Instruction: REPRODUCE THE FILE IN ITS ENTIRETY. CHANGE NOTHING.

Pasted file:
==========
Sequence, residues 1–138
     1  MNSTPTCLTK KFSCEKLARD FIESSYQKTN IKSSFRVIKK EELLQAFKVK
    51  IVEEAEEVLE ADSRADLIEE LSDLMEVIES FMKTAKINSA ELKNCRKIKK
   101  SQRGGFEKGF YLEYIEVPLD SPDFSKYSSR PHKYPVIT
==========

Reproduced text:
Sequence, residues 1–138
     1  MNSTPTCLTK KFSCEKLARD FIESSYQKTN IKSSFRVIKK EELLQAFKVK
    51  IVEEAEEVLE ADSRADLIEE LSDLMEVIES FMKTAKINSA ELKNCRKIKK
   101  SQRGGFEKGF YLEYIEVPLD SPDFSKYSSR PHKYPVIT